The best way to water, or feed (and probably the most common way recommended), when you do feed, is to actually learn the feel of the weight of the container with fully wet saturated soil and plant, and with totally dry soil and plant. Then you would water the entire container to saturation (this is when you’d take your run-off samples). Then you do not water again until the container and plant feel very light, but the plant has not started drooping yet from a lack of water. This wet to dry cycle in the soil is very beneficial for the roots and ensures they get a lot of oxygen, which is much needed in the root zone.

Although generally expanding the root-zone is a good practice to try and get the roots to use up all the available soil, in these fabric containers, they help keep the plant from becoming root-bound and growing only to the bottom, the extra air introduced to the soil is not only beneficial for oxygen in the root-zone, but the air at the walls of the container helps the roots “self prune” and send root shoots in all directions, making much better use of all the soil in the container.

Personally, I’d still do at least one transplant from a smaller container for a better developed root mass before going to the larger container.


@MacGyverStoner, Thanks for all of the advice. I didn’t do any watering / nutes on Monday, but did pick up some Earty Juice Microbladt, to add to the mix.

The info was quite helpful, but I did come up with some questions during the past two days.

As an update, all three containers were not watered / nuted on Monday; however, I prepared 9 gallons of mix, in order to water to saturation and get run-off.

By Tuesday morning, the coco was pretty dry, and the containers were very light, in weight. As mentioned, they are 10 gallon smart pots, and the plants do now take up a good portion of the actual pot, as seen in the pictures above.

For the mix, I used distilled water and added the Botanicare products, Pure Blend Pro / Grow, CalMax+, and Liquid Karma. Also added to the mix was Great White and the Earth Juice Microbllast.

This is where questions arise.

Upon creating the mix, it pH tested at ~4.8 in all nine gallons. I added about 10 - 16 drops of pH Up, which gave me a pH reading of ~5.9 - 6.0 across the nine gallons.

As the coco was ready for watering, each 10 gallon pot required three gallons of nute mix to saturate the medium out to the edge of the pots, make it heavy to lift, and produce run-off.

Roughly 1 hour after watering, I tested the run-off from each container. All three gave a reading of 6.2; however, tonight, just prior to turning out the lights, at midnight, I re-tested the run-off. The two plants with the darker green leaves, and bushier appearance had a run-off measuring of 6.7. The one plant with the few spotted leaves, mid-growth had a pH from run-off measuring 6.8.

Two odd things is that, using drops, run-off had a slight orange tinge, which would make me think lower pH, yet my monitor tested fine at 7.0 when placed into the control reagent. Is there a reason why run-off pH should increase over the course of 18 hours?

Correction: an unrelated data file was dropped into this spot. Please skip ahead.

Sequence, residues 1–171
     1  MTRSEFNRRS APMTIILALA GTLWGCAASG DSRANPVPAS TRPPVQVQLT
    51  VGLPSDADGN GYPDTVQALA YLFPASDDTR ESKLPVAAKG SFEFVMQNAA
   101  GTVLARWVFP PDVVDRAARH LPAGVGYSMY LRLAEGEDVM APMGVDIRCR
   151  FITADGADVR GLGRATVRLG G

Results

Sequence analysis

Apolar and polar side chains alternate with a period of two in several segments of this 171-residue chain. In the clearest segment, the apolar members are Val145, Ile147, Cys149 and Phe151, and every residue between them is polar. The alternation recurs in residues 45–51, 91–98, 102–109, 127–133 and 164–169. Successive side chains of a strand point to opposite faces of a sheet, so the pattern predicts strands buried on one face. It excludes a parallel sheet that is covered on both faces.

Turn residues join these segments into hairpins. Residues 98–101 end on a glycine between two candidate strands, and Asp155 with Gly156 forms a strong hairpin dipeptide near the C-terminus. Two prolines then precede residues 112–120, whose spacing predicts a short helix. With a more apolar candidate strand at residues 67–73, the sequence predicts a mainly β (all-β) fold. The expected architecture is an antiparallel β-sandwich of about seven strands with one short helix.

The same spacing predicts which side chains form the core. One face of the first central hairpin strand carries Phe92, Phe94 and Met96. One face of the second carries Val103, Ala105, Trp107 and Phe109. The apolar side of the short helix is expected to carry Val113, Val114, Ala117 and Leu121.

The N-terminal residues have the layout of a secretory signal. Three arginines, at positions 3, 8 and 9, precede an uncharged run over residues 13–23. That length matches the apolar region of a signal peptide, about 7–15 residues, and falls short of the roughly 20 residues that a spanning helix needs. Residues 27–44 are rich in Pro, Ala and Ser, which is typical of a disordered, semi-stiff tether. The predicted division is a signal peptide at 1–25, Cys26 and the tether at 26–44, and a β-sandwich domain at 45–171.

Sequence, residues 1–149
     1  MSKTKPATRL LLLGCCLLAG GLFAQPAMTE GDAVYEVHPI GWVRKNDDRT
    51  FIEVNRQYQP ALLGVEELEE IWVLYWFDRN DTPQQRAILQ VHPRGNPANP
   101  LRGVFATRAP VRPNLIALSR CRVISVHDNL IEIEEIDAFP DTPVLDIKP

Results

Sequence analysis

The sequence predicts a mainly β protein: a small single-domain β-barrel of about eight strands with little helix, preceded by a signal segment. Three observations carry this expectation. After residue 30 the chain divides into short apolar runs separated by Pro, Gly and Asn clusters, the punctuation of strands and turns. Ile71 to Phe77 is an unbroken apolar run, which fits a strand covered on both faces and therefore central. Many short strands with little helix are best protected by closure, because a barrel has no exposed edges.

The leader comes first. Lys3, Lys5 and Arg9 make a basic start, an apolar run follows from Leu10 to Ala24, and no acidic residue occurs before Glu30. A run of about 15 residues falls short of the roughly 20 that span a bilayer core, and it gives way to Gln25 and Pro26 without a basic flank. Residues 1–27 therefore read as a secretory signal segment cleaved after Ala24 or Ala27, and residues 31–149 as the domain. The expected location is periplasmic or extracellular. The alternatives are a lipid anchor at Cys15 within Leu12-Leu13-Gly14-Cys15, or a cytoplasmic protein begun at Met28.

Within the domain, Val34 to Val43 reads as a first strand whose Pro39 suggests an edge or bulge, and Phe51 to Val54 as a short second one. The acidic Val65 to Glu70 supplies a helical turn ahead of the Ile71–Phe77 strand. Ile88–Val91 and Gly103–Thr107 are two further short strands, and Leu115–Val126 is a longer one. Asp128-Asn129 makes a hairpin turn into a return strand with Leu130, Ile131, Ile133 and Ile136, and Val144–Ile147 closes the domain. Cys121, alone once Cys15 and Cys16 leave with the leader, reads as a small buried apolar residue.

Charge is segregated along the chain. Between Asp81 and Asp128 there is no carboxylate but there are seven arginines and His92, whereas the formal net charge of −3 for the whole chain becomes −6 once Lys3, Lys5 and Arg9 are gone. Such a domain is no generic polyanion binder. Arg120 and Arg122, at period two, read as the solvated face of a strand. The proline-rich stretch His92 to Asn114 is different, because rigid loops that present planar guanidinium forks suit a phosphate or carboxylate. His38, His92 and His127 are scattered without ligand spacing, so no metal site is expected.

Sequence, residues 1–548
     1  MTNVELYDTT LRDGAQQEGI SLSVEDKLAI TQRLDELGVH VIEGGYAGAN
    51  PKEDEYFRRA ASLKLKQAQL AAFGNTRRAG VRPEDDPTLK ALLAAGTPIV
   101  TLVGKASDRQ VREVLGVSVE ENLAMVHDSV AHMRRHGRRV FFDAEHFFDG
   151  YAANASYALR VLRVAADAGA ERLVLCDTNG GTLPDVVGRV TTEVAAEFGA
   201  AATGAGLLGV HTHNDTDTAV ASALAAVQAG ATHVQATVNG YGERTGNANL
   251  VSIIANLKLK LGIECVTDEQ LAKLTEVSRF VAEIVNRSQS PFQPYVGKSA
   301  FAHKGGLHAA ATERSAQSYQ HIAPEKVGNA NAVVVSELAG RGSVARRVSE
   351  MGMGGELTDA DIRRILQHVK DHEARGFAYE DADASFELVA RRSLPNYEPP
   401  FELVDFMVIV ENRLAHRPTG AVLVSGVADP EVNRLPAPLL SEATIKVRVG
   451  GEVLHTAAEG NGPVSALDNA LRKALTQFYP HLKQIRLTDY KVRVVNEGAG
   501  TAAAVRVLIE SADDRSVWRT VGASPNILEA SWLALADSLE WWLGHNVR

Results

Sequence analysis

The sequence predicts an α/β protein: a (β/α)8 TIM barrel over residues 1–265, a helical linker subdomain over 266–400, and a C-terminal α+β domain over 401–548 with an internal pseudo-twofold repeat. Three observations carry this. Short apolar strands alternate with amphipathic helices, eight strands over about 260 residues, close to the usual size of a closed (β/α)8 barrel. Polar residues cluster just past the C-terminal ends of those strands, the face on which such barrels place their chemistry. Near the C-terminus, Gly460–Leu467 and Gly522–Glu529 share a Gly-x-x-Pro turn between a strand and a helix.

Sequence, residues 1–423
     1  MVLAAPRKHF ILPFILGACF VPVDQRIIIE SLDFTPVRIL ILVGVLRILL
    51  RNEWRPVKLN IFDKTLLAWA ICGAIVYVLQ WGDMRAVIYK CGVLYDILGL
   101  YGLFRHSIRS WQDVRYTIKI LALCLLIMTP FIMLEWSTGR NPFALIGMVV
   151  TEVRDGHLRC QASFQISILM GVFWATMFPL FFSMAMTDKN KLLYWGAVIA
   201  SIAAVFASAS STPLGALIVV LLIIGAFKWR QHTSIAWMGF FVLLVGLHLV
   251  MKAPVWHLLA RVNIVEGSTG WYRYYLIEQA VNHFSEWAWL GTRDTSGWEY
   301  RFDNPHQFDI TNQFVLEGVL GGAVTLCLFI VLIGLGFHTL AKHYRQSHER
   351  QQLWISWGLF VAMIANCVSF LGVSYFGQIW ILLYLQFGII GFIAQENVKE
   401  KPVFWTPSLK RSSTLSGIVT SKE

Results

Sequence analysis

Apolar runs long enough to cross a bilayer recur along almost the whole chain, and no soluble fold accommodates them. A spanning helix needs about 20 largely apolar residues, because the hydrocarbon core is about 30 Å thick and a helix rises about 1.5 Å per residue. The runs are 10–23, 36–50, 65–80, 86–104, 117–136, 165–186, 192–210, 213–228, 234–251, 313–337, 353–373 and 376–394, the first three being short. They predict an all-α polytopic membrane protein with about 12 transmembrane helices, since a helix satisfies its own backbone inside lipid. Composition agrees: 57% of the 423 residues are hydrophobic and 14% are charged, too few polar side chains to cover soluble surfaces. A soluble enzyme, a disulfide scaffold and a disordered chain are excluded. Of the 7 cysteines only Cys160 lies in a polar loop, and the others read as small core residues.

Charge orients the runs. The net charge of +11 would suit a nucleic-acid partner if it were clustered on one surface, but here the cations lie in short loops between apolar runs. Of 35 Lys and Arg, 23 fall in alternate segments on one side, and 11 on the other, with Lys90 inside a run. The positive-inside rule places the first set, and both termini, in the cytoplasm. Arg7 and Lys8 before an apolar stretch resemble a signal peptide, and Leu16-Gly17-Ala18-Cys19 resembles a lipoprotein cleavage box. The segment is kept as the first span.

Also, should I not pH-up, and use a liquid that is lower in pH, in order to adjust for a potential rise in pH?

The other suggestion I received from a few folks, was to use the Liquid Karma / Microblast as a foliage spray, in order to get some nutes directly to the upper parts of the plants.

Any suggestions / help is appreciated.

On an added note, one thing it seems is that the two plants exhibit the Indica qualities much more strongly than the third plant. One thing suggested, was that, due to the hybrid genetics, the third plant could be exhibiting a variant of the genetics, and also may need a slightly different feeding regimen.

The third plant, while it does have lighter leaves, has grown exponentially taller than the other two. I had the LED 24" above the three plants, and within two days, the third plant grew ~6", so I raised the LED to put it back to 24" above the plants. As of today, plant three has grown another ~6 inches, and is just shy of two feet tall, in just one month of growth. Seeds sprouted on September 22nd.

Oh well, thanks again to all with the advice. It really helps. :smile:

I agree, sometimes different plants are more sensitive to nutrient or pH imbalances.

You might need to be really watering/feeding more, to get a good bit more run-off. It is ok if you way over saturate, in fact some people over water or over feed the day they do water or feed, until about maybe 30-40% runs off. This is often referred to as DTW, or drain to waste. The over watering/feeding actually is beneficial, it washes out extra built up nutrient salts and keeps things kind of clean and balanced. So for example, your plant is using too much of only a few of the nutrients in your mix and maybe not enough of another, so in the long run too much of some are left in the soil, this feeding and flushing at the same time helps prevent that imbalance from building up too much.